5 trends for native advertising in 2017
Having firmly established its place on media plans over the past year, content & native in-feed advertising accounted for an impressive 29% of display in 2016. So, what does the new year hold for native? Here’s 5 trends we’ll be keeping a close eye on:
Measurement, Measurement, Measurement
When someone as gigantic as Facebook struggles with metrics, the spotlight really falls on if a 3 second video view really is engagement, or simply someone scrolling past to consume more of the thing they were actually there for in the first place? There’s also been plenty of talk about moving away from obsessing over clicks, so perhaps 2017 will be the year when quality of engagement trumps sheer quantity.
Viewability remains a red hot topic
I’m sitting in a coffee shop writing this, having just purchased an Americano. Unsurprisingly it filled the cup. Had it only have been 70% full, I’d have asked why and certainly wouldn’t have paid full price. Remarkably, media agencies are still asking ‘how viewable’ our inventory is so they can price this in. We’ve always delivered native on a vCPM (a 100% viewable CPM) – others are moving towards a CPV or CPE (costs per view or engagement) – one thing is for sure though, the days of charging for unseen impressions must finally be coming to an end.
Trust becomes ever more important
In the new era of ‘fake news’ the credibility of brand content becomes increasingly important. Spammy headlines that lead to unrelated content are bad news for both the sites they appear on and the companies using them. Expect to see big brands becoming more cautious about placements and being seen alongside other campaigns with less credible clickbait creative.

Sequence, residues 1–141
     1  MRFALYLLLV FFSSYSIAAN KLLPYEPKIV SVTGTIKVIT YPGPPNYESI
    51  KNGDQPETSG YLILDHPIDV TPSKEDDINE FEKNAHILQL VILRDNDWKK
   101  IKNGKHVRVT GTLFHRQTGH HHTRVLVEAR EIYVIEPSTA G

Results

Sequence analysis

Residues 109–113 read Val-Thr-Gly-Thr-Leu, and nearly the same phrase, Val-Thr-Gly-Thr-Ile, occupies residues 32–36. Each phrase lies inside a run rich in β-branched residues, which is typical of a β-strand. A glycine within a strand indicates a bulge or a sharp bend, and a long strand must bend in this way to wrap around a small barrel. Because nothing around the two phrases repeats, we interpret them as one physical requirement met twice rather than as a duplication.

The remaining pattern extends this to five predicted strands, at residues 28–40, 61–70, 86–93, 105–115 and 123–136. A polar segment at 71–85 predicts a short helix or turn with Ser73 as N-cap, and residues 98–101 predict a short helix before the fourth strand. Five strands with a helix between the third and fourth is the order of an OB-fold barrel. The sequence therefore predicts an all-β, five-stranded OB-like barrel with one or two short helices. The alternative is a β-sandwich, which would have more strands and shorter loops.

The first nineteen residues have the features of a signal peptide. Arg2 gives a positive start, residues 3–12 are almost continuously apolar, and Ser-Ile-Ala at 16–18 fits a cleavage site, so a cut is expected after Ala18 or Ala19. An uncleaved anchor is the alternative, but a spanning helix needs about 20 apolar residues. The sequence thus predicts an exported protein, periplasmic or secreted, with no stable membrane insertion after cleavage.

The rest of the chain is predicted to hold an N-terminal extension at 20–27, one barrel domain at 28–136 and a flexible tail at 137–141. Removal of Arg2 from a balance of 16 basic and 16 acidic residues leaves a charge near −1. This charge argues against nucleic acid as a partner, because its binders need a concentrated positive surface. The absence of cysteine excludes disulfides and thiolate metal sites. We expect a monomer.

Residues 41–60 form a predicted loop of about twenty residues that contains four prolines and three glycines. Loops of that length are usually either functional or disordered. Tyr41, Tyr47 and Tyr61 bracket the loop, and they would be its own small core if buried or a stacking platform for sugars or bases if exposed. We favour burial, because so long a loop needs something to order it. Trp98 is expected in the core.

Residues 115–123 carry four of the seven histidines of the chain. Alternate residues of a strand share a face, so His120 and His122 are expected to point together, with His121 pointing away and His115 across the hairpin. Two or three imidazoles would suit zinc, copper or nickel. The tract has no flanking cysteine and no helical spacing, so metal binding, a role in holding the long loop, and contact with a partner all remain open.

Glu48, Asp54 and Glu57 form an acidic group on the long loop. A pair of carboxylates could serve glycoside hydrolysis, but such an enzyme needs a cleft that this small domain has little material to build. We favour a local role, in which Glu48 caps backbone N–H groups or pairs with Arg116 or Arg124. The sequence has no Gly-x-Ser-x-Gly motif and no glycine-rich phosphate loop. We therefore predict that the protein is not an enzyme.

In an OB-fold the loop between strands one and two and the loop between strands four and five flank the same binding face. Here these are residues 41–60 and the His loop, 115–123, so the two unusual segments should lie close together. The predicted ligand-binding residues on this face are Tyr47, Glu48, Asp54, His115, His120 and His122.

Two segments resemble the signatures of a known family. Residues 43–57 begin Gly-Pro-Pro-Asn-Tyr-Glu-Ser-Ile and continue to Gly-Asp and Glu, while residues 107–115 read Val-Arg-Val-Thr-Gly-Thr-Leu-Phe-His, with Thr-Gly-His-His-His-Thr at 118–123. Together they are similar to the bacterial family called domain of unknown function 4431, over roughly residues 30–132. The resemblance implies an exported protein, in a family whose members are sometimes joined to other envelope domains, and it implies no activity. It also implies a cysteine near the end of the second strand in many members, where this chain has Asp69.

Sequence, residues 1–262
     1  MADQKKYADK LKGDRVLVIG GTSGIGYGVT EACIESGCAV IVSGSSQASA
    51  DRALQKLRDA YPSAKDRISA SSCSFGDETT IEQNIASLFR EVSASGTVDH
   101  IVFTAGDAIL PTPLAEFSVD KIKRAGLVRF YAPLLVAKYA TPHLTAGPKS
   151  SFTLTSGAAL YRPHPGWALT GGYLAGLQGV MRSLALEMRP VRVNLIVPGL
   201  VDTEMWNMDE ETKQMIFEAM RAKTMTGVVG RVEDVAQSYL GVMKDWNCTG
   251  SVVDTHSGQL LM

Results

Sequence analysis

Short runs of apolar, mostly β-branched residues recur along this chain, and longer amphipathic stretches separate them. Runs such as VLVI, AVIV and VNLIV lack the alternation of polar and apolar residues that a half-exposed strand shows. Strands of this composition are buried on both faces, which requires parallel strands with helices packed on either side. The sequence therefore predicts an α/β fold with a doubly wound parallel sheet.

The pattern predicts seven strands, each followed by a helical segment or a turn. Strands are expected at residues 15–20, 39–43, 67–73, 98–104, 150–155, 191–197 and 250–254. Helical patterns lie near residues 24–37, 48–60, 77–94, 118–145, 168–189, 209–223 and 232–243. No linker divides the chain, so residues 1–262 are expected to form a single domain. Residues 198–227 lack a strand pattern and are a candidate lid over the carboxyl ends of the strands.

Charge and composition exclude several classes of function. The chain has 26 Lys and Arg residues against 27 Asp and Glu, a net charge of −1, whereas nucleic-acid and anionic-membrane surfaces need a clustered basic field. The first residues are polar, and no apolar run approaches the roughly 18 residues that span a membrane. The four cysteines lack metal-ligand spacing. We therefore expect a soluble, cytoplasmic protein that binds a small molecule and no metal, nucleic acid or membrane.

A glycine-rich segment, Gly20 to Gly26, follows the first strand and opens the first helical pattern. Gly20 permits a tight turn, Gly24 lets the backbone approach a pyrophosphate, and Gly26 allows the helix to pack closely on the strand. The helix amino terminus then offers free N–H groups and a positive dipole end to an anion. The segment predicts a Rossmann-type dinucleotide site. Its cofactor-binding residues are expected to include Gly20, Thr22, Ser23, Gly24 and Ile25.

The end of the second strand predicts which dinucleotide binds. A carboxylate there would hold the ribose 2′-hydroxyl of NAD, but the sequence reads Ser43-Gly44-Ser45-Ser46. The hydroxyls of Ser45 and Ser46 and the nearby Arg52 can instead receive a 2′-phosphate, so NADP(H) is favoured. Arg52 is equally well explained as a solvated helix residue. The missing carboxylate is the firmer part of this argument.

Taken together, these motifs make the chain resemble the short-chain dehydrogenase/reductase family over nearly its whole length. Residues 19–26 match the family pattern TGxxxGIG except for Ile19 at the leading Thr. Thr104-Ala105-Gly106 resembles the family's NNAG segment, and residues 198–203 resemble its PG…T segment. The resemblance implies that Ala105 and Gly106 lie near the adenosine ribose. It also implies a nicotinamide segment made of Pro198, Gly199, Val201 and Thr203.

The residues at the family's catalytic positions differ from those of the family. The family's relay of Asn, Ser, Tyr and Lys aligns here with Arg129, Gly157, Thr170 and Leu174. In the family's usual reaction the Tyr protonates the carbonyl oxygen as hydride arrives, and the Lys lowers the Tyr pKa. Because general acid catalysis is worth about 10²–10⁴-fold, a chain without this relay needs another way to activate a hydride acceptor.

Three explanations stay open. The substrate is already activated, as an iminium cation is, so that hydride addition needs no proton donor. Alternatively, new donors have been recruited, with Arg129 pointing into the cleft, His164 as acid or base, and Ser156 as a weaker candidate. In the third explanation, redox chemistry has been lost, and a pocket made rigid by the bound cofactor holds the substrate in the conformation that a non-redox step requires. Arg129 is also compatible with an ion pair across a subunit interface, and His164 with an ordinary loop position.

Picture-perfect! The increasing use of visual formats
Video distribution has been one of the fastest growing areas of online advertising so it’s easy to forget the power of great photography. We’ve already worked with some great photo essays for brands. There’s also plenty of hype around 360 VR – our team has been experimenting with this on mobile and it looks fantastic – expect to see more.
Rejection of interruptive formats
Ad blocking continued to be the hot topic during the past year. It was hard to find anyone to disagree with the fact that the industry had brought this upon themselves by annoying the hell out of people – obscuring the content that audiences were there to consume. Many publishers are turning their backs on these formats realising that it creates massive UX issues.
Stay-on-site True Native is just one way to create a non-interruptive user experience whist maintaining revenues. If 2016 was the year of interruption, 2017 is definitely shaping up to be the year of usability and engagement. The two really do go hand in hand.